The Harris County GOP sued the City of Houston on Tuesday, challenging Mayor Annise Parker's decision to extend health and life insurance benefits to legally married same-sex couples whose marriages have been recognized in states with marriage equality laws.
The new policy has been put on hold by District Judge Lisa Millard after signing a temporary restraining order. The policy won't go before a judge until after New Year's Day, on Jan. 6, 2014.
Read more below the jump.Jared Woodfill, the chairman of the Harris County GOP, is leading the lawsuit. “This is one of the most egregious acts by an elected official I've ever seen,” said Woodfill. “They just decided to, unilaterally, as a lame duck, thumb their nose at the will of the people and just spit on the U.S. Constitution.”
Where exactly in the U.S. Constitution does it say gay marriage is illegal remains to be mystery.
Clearly, it is the GOP who do not share the same values as Texans.
Woodfill immediately lashed out against Parker last month following her decision. Woodfill complained to the Quorum Report that Parker was abusing her position as mayor, showing just how much of an “extreme liberal” she was in not sharing the same values of Texans and Houstonians. These values, according to whatever fantasy world Republicans still live in, must continue to be homophobic and anti-gay.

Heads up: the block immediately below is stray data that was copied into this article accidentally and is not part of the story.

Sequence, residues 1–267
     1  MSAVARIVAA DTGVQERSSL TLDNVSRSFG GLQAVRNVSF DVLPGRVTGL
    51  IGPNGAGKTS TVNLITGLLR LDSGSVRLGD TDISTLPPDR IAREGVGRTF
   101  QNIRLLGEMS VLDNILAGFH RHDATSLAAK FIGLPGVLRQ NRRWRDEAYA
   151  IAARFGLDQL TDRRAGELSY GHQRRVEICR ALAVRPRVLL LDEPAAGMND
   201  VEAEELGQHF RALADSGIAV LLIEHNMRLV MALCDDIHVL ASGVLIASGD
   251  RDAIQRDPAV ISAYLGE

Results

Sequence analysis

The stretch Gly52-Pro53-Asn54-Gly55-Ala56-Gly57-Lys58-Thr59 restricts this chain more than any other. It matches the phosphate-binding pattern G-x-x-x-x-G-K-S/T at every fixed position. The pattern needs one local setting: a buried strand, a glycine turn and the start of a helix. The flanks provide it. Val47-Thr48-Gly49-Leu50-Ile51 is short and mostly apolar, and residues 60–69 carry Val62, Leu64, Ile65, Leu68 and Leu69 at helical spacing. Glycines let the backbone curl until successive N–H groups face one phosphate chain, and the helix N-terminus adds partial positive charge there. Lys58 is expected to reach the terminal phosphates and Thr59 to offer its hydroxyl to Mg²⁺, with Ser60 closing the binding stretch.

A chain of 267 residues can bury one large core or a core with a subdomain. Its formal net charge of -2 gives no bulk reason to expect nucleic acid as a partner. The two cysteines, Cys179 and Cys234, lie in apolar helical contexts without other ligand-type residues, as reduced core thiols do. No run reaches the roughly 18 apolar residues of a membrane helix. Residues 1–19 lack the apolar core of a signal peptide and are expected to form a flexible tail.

Yet, in reality, based on findings by the Equality Poll 2013 conducted by Equality Texas, a large majority of Texans (65.7%) support extending same-sex partnership benefits to city and public university employees. Exactly what Mayor Annise Parker did in Houston last month.
Woodfill's lawsuit claims are that Parker's decision to extend benefits to all married couples — regardless if opposite- or same-sex — violates the Houston's city charter, the state Defense of Marriage Act and the Texas Constitution. The Texas National Guard had previously been relying on similar reasoning to use as an excuse not to process benefits for same-sex military couples until finally caving in on pressure by the Pentagon just last month.
City Attorney David Feldman said the two men who filed the lawsuit against the city don't appear to have any legal standing and, therefore, it will likely just be thrown out. “They don't appear to have any particular state to complain about this,” said Feldman. “Just being a taxpayer isn't enough.”
Parker's decision to extend equal benefits to all married couples was based on Feldman's legal interpretation of the recent U.S. Supreme Court's ruling that overturned the federal Defense of Marriage Act. The Court's ruling has now began granting equal federal recognition to all married couples.
Mayor Parker has currently not issued any comments on the matter.